Autophagy, p62, and prostate cancer


According to a report today on NJ.com, there are suggestions that defective  “autophagy” — the process through which a cell “self-digests” because of the action of enzymes originating within the same cell — may be crucial to the amount and aggressiveness of at least some cancers. Prostate cancer may be one of those types of cancer.

The report is based on an article by Mathew et al. in this week’s issue of the journal Cell. It is supported by a mini-review (by Jorge Moscat and Diaz-Meco) of the mechanism of action of the p62 enzyme (also known as sequestosome-1), which appears to be a critical enzyme in tumor growth and development.

What Mathew et al. have done is to show that elimination of the p62 enzyme by autophagy seems to effectively slow down or shut down the process of tumor growth (“tumorigenesis”). These discoveries suggest that the amount of p62 in any specific cell is a central player in the life and death decisions of that cell. Cancer cells with defective autophagy will accumulate high levels of p62 and will therefore be more capable of tumorigenesis, whereas cancer cells with lower levels of p62 (because they have normal autophagy processes) will be far less capable of tumorigenesis.

According to one of the study authors, about 50 percent of patients with prostate cancer have defective autophagy.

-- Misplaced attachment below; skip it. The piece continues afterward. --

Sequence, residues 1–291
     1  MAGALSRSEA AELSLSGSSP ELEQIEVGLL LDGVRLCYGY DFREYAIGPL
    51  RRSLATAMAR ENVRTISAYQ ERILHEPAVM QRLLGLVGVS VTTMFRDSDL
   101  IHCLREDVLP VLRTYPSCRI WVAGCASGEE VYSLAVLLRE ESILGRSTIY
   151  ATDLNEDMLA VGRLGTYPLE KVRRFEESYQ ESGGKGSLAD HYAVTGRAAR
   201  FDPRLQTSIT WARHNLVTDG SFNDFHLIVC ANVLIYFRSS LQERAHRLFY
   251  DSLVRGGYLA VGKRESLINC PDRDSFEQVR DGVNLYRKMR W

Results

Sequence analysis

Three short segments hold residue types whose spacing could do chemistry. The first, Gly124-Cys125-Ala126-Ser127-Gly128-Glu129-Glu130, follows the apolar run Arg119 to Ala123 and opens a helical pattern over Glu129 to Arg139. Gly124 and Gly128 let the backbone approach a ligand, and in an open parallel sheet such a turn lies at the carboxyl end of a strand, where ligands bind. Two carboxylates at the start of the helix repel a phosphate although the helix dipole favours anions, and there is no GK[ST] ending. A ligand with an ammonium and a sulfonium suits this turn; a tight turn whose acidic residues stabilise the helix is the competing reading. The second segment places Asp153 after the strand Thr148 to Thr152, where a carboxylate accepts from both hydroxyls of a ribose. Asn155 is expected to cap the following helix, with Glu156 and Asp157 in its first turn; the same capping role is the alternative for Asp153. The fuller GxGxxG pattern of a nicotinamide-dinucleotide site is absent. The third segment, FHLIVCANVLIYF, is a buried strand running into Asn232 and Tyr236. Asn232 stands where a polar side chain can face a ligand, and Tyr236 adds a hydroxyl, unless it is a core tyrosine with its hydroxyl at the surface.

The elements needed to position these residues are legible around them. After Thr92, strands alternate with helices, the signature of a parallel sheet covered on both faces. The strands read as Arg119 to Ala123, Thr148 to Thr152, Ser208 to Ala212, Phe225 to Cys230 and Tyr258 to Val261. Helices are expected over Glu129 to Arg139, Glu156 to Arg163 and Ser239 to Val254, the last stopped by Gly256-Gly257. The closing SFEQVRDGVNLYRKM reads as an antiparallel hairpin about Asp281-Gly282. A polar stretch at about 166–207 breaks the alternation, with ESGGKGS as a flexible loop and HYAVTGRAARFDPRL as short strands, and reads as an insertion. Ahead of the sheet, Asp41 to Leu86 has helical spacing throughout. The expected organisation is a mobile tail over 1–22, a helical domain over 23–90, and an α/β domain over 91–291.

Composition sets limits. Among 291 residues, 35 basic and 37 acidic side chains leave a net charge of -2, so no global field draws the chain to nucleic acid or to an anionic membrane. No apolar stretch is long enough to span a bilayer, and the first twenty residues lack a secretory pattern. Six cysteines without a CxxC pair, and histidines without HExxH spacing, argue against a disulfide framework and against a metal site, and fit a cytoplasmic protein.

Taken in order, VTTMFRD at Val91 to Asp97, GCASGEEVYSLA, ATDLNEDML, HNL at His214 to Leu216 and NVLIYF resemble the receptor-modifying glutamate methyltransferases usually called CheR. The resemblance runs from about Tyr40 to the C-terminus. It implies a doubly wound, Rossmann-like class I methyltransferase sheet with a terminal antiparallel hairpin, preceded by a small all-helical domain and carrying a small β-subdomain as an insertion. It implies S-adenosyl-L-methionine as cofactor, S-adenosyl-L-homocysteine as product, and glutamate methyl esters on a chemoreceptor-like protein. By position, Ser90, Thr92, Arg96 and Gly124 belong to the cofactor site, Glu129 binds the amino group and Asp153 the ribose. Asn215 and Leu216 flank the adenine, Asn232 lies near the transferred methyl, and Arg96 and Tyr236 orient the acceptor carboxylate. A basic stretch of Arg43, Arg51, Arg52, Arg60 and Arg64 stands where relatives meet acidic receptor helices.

Under normal circumstances, p62 is associated with the “cleaning up” of toxic materials in cells. To use an analogy developed by the research team — p62 is like  “the garbageman” and is normally responsible for the regular removal of “the garbage” that accumulates in any specific cell. However, when the process of cell autophagy breaks down, not only does the amount of garbage start to accumulate but so does the number of garbagemen too. In  order to stop the growth of cancer, you have to be able to clean out both the garbage and the surfeit of garbagemen too!

Clearly this is an interesting new hypothesis that may lead to new drugs that could act both therapeutically to treat cancer and preventively to stop the development of the disease, but it will likely be years before we can tell how accurately this hypothesis reflects the actual processes of autophagy and control over the levels of p62, let alone whether drugs can actually be developed that will work specifically to treat or prevent prostate cancer.

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